The Rising Dollar

As we pointed out last week, the yield curve in the US dollar is just too attractive for any profit seeking financial institution to ignore. Until the trade becomes less attractive or something better comes along, expect continued US dollar strength. (DXY is the dollar index; UUP is an ETF which closely tracks the DXY).
US dollar index and UUP ETF
Source: Bloomberg

Why is the yield curve so steep?

Relative Yield CurvesThe short term (or left hand) end of the curve is anchored by government fiat (in the US through the agency of an independent Federal Reserve). Many pundits, experts and others expend tremendous resources to divine the inner thoughts of the men and women in charge of that decision. However, it does not take away from the fact that the Fed Funds rate is set by committee and not the market. The rest of the curve is determined by pure supply and demand. Will this always lead to a steep curve? No. Sometimes the Federal Reserve needs to squeeze inflation out of the system in which case, a higher than otherwise expected Fed Funds rate is decided upon. Under the right circumstances, that can lead to an “inverted curve” of high short rates and lower medium and long term rates.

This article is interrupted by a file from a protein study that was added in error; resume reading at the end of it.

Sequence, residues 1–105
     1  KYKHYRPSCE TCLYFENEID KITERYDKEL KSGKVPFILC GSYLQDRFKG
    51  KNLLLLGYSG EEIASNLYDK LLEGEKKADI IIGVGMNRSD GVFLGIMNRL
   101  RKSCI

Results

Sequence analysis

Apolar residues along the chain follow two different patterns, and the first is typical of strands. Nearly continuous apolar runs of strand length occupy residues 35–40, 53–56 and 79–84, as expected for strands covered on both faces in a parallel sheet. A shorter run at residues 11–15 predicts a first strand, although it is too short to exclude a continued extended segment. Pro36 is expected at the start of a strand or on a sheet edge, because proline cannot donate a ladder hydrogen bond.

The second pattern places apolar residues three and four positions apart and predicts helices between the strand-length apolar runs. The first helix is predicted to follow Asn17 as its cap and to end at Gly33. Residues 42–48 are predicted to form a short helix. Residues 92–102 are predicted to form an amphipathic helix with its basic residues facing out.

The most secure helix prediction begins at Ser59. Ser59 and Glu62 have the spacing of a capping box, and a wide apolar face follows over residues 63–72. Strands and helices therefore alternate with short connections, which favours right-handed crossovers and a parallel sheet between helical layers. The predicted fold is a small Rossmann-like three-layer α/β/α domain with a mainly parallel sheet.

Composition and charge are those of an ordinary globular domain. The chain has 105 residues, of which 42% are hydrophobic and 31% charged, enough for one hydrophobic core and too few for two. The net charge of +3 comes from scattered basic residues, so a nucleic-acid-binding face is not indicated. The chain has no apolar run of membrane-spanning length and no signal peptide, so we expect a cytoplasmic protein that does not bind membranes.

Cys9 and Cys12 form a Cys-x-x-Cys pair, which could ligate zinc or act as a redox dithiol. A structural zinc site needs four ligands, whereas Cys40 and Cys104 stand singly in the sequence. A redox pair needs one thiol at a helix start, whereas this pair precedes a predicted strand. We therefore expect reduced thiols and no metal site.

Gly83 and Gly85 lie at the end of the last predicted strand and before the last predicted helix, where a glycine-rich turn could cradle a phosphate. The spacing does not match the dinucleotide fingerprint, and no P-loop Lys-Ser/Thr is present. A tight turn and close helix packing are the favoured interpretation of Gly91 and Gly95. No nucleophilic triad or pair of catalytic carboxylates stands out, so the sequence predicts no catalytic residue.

Supply

On the supply side of the equation, with a US Federal deficit running well over 10% of GDP per annum for the foreseeable future, it is clear that we will not run out of US government debt instruments any time soon. Such a large and growing supply should and does fuel downward price pressure (and upward yield pressure) on the long end of the market. Those investors who fear that ever larger government spending programs will eventually lead to system wide inflation are amongst those who worry about the supply dynamics of the treasury market. When you hear a “Treasury Bear” argument which is framed entirely in terms of future supply, be careful with the recommendation because it is build upon only half the story. Supply is not the only factor.

Demand

Demand is driven by rational economic calculation and emotion.